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The Giant Amazonian Elephant In The Room
I've been thinking a lot lately about Amazon thanks to Arun Sundararajan's The Sharing Economy. The book does a fantastic job of both describing the economics of the sharing economy, but also illustrating -- quite articulately -- the motivations and circumstances required for a company to build a successful "sharing" platform.
A couple of weeks ago, while I was listening to the audiobook version during my children's swimming lessons (I do both, listen and read a book at the same time. I find it really helps with information retention), it dawned on me: Amazon is in a unique situation, and they could be standing on a revenue goldmine.
If Amazon decides to focus energy on scaling its advertising like the tea leaves suggest, they already have access to everything that's needed for their platform to be a runaway hit:
- Amazon has tremendous scale. Some have even said it's 2-3X that of Google.
- Amazon has the world's largest walled garden.
- Amazon already has "content" that people are looking for today; They're already a destination site with a hooked audience.
- Amazon doesn't really need media or publishing companies to create "content" for their platforms so they can already reach critical mass.
- Amazon has already begun chipping away at affiliate marketing programs, lowering payout plans.
But, it's this next point that may be the most important. Amazon already owns everyone's purchasing history, and the company could track conversions better than anyone in the industry today. They could, single handily, redefine what it means to advertise online. I'm not being hyperbolic. If marketers want performance-driven technologies for online ad campaign measurement, Amazon can do what no other can: they can track the entire conversion process from discovery through to purchase and then even delivery (so advertisers could target secondary campaign messaging the moment someone has a package delivered). Amazon can accurately report on everything from point A to Z. The company could even calculate a customer's life-time value, then tell marketers exactly how and where to find more people just like them.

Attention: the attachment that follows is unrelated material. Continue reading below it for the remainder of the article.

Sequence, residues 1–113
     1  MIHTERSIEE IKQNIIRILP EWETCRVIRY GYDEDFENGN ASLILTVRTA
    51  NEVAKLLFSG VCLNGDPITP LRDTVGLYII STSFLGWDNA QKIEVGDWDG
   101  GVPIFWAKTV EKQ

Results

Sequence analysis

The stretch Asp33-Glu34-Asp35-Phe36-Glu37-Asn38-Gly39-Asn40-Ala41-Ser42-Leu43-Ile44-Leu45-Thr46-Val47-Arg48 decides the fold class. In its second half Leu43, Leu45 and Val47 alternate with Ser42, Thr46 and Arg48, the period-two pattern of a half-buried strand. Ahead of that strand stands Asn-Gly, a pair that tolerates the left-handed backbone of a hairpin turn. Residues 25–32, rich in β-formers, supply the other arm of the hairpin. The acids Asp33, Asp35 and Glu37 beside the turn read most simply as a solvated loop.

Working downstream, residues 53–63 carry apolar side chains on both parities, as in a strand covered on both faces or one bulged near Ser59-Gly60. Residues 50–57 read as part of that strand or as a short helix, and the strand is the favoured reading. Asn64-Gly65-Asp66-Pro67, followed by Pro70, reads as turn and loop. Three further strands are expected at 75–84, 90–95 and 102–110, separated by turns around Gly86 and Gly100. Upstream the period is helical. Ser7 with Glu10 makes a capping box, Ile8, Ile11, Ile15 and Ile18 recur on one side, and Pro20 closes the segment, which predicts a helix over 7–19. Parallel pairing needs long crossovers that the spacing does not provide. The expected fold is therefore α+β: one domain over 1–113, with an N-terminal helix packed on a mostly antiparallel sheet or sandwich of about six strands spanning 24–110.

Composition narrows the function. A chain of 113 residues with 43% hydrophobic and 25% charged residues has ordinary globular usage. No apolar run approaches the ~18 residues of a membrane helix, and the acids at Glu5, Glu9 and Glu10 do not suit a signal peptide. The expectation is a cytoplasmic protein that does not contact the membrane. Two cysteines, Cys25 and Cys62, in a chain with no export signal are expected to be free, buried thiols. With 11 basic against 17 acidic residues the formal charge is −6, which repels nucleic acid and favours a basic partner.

How does Sundararajan's The Sharing Economy connect to this? Imagine Amazon rolling out features that gives users the ability to rent expensive purchases to friends on top of their advertising offerings for marketers. Or, even give their users tools to advertise and manage those rentals based on the viewing habits of friends who keep looking at expensive, low use items but never buy. Imagine them being able to design profit-sharing models for their partners. Something like 70% of a rental going to the owner, 15% going to the product manufacturer, then another 15% going into Amazon's war chest? Not only would Amazon become the world's largest ad tech company, but they'd also become the world's largest "sharing" company overnight (well, almost overnight).
A whole new type of advertising company may be upon us. Ad tech isn't dying; it's just evolving. It's growing up. It's starting to feel like Amazon gets that more than most have given them credit for to date.